And other divorces. She is not unique. She is not even unusual. Perhaps this has more in common with a wedding ring lost by the pool at a vacation hotel, or blood poisoning from a cat bite.

• • • •

  1. 237 “the”s. They are words that dry to invisibility, Elmer’s Glue-all to anchor nouns.
  2. 104 “and”s; 30 “but”s. Apparent correlation.
  3. Too many semicolons.
  4. Clean out the passive constructions. Dido was there. She did things and some of them were wrong.

• • • •

She has a dream in which he’s still there. He has not yet betrayed her and she is still sane. They huddle together in a mountain cave where they have found shelter from the night’s storm. The world outside roars with rain, broken timber, falling stones. The air here is chill but they are safe.

All things are new, all things are possible. In the darkness, she sees him only with her fingertips: his eyelids, his curling lashes, the complex shapes of his ears. His lips smile against her palm. He opens his mouth. She feels his breath. They lie in a nest they make of their clothing, the things they have cast aside.

They are not cold. She runs her hand down the long smooth planes of his body. She feels a scar. He says it still hurts when it is touched. She understands this; she has her own.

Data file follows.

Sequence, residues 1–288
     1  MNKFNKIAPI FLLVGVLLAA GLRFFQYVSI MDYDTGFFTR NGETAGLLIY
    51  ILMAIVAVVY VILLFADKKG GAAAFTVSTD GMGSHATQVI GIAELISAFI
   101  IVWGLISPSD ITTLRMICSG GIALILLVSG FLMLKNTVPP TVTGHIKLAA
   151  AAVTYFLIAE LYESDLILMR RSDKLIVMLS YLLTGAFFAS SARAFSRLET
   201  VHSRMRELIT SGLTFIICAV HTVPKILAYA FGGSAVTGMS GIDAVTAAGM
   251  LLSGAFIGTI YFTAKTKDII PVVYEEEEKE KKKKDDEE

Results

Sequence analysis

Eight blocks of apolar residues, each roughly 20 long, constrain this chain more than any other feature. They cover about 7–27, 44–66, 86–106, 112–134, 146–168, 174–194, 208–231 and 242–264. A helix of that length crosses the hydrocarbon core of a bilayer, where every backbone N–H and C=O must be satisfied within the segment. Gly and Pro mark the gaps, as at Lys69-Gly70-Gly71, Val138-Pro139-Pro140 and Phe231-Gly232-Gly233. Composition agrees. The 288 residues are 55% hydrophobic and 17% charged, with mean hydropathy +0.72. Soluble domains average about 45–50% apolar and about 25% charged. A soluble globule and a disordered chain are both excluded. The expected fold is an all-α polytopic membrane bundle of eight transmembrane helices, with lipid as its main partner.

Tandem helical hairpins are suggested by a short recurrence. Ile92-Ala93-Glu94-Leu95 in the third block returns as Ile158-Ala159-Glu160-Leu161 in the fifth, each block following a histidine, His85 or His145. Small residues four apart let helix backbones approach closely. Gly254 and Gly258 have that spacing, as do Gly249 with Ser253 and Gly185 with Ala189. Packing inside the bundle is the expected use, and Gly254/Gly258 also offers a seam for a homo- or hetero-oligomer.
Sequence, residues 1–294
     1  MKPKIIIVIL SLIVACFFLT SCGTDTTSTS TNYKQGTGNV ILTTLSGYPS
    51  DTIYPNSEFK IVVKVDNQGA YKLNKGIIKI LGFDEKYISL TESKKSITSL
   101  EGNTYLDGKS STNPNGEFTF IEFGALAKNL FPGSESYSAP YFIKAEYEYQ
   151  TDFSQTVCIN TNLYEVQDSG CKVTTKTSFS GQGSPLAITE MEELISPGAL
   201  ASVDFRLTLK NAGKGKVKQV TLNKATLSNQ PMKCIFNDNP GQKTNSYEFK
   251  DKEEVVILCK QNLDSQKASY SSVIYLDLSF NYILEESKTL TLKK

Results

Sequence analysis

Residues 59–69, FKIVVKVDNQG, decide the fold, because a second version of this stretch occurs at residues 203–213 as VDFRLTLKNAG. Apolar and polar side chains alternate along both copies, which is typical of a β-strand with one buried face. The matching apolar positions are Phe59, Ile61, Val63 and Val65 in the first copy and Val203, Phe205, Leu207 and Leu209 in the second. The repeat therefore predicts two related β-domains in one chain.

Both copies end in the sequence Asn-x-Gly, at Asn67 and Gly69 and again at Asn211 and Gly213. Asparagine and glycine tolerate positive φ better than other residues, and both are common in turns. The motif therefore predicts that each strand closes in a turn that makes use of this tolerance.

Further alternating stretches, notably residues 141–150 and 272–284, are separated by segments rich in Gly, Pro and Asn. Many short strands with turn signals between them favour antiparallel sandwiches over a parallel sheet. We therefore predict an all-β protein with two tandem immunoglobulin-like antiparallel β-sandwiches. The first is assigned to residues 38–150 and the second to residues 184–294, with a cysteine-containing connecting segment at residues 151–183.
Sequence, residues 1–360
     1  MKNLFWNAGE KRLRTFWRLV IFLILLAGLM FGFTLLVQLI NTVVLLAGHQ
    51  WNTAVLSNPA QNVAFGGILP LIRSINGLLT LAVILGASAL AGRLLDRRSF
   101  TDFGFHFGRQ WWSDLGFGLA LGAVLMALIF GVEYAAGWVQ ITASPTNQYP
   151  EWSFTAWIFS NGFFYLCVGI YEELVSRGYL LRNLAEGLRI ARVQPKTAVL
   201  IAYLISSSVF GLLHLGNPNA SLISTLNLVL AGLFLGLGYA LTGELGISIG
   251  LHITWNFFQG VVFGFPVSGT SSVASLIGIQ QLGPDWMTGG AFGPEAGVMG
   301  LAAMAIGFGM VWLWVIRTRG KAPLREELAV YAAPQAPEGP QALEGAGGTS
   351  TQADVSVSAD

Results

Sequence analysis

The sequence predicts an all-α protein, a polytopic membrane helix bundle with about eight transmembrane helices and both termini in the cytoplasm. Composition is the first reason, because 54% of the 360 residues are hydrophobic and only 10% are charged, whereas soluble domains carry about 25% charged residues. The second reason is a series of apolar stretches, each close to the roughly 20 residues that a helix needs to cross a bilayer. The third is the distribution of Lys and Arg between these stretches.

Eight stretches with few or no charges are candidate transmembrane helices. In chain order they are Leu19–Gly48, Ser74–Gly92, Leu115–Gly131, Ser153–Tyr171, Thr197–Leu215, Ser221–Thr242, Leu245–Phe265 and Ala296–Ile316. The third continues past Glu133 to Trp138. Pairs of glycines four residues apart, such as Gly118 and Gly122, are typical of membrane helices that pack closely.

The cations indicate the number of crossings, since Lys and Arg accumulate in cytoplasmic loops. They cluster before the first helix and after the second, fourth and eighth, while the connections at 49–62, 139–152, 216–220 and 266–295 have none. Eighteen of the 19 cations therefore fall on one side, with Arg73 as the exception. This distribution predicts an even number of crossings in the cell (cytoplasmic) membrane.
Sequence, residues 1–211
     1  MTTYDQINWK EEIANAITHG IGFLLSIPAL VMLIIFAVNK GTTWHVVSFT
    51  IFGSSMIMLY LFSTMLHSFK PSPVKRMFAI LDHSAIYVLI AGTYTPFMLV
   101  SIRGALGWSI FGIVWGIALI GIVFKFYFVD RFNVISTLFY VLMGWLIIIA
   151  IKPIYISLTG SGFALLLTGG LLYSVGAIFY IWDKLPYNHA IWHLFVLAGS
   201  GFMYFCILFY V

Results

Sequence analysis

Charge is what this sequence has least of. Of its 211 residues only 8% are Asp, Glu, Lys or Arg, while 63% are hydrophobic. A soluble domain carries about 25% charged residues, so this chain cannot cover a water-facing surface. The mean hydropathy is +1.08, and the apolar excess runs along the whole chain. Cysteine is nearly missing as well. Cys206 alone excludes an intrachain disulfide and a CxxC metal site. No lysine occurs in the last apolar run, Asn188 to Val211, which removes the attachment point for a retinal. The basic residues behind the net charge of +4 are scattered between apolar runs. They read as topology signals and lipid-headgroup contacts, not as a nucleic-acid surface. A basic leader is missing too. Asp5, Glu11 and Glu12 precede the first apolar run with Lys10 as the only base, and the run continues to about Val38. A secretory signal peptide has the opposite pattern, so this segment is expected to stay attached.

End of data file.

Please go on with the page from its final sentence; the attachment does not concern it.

In the darkness he strokes her and she feels outlined in light. Her skin is afire. She sobs under his hand, his mouth, the weight of his long, scarred body.

I want to leave them dreaming there, Dido and the writer both, for lines and lines. It is a lie I am telling them.

• • • •

Are grammar and syntax correct? Is there enough setting? Were the senses engaged? Is this the best start to the story? Does it end too soon/too late/too abruptly? Are the characters realistic? Is the story from the right point of view? What is the theme? What is the subtext?

• • • •

The story betrays us all.

I spend the entire night rewriting, changing things around, hoping for a better result. The story doesn’t do what I wish. Dido always dies. The writer always finds herself alone, a flute made of a woman’s bones.

She does not want to face the raw, whole thing, so she takes it in pieces. She transfers, distances, sublimates. She cannot sit at her keyboard for long. She is haunted. The apartment is cold and smells of chicken. The cat turns over the bones she forgot to put in the trash.

Rewriting ends when the deadline comes. Even then, she will attach the file to an email and send it, and wish there had been more time.

• • • •

The onshore wind blows through Carthage. His ships are far off, flecks smaller than snowflakes on the dark sea. He is still in sight but he cannot return: The winds forbid it. In any case, he was gone already, before ever he cut his cables and sailed at dawn—before the cave and the first time he held her in his arms, even.

In the great courtyard before the palace, Dido, Queen of Carthage, orders a pyre built. She will burn all the things he left here: the clothes and jewels she gave him, the shield and sword he left beside her bed. She holds the naked sword in her hand.

She is dead already. She has been dead since he was first brought to her, sea-stained and despairing, and the flame of her hunger gnawed into her bones.